Go to AfricaBib home

Go to AfricaBib home AfricaBib Go to database home

bibliographic database
Line
Previous page New search

The free AfricaBib App for Android is available here

Periodical article Periodical article Leiden University catalogue Leiden University catalogue WorldCat catalogue WorldCat
Title:'A new day has dawned for the UNIA': Garveyism, the diasporic Midwest, and West Africa, 1920-80
Author:McDuffie, Erik S.
Year:2016
Periodical:Journal of West African History (ISSN 2327-1876)
Volume:2
Issue:1
Pages:73-114
Language:English
Geographic terms:West Africa
United States
Subjects:African Americans
international relations
pan-Africanism
About persons:James Robert Stewart (1903-1964)
William Levon Sherrill
Clarence W. Harding
Link:https://www.jstor.org/stable/10.14321/jwestafrihist.2.1.0073
Abstract:This article examines the diasporic political linkages between the U.S. Midwest and West Africa through the largely unknown encounters of James R. Stewart, William L. Sherrill, and Clarence W. Harding, Jr., on the continent. They were leaders in the Universal Negro Improvement Association (UNIA) founded by Jamaican black nationalist Marcus Garvey. During its heyday in the early 1920s, the UNIA claimed six million members worldwide, including in the American heartland and West Africa. Stewart of Cleveland, Ohio, emigrated to Liberia in 1949. Sherrill of Detroit, Michigan, attended the 1957 independence ceremonies in Ghana, whereas Harding of Chicago, Illinois, moved to Liberia in 1966 and built a dynamic, grassroots Garvey movement in the West African nation. Their sojourns to the continent extend the analytical, geographic, and temporal parameters of the history of West Africa and the black diaspora through tracing the transnational linkages between the American heartland and continent, the gendered contours and paradoxes of Pan-Africanism, and the endurance and uneven results of Garveyism in Africa from the 1920s through the 1970s. Notes, ref., sum. in English and French. [Journal abstract]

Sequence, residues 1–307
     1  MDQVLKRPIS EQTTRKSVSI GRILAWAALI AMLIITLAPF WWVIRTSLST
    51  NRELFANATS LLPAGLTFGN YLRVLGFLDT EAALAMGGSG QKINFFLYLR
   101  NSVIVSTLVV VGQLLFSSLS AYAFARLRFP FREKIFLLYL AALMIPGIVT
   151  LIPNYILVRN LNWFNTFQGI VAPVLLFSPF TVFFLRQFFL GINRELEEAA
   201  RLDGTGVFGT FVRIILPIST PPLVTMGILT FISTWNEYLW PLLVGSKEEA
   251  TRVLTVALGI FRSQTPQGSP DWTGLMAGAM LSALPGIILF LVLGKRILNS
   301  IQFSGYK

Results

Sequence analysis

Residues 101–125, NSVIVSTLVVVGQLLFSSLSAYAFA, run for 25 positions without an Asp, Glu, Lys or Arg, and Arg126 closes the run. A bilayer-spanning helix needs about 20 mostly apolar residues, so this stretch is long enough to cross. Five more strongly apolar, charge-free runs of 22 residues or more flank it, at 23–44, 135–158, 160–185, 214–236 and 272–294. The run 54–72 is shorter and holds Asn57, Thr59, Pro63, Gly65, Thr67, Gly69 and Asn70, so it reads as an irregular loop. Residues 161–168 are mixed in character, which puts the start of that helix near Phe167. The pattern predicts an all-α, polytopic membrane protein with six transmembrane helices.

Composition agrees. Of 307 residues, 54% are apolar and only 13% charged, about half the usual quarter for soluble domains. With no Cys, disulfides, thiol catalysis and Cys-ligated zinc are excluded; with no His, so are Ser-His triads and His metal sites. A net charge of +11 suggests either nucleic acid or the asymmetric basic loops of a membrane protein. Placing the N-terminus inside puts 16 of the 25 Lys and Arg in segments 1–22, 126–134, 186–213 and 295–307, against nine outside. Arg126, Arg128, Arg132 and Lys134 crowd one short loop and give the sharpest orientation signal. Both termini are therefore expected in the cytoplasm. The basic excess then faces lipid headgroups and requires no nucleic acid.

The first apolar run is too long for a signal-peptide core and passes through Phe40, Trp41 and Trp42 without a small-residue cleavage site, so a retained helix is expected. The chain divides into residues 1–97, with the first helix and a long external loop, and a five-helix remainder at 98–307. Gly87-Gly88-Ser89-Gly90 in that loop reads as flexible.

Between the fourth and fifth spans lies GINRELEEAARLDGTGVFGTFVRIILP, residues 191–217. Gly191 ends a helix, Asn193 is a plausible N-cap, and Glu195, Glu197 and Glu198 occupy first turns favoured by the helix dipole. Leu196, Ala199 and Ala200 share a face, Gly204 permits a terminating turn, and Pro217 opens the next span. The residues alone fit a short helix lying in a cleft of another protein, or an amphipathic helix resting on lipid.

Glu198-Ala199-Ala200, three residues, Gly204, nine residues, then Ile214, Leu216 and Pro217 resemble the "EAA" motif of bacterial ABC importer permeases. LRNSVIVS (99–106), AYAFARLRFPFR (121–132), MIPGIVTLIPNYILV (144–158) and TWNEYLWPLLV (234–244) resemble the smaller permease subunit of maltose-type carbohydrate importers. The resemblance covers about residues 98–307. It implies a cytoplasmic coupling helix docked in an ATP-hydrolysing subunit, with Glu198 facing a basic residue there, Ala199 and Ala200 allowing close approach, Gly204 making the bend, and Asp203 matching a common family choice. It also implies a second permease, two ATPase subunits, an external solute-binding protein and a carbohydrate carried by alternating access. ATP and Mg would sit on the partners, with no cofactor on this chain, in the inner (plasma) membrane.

Views

Cover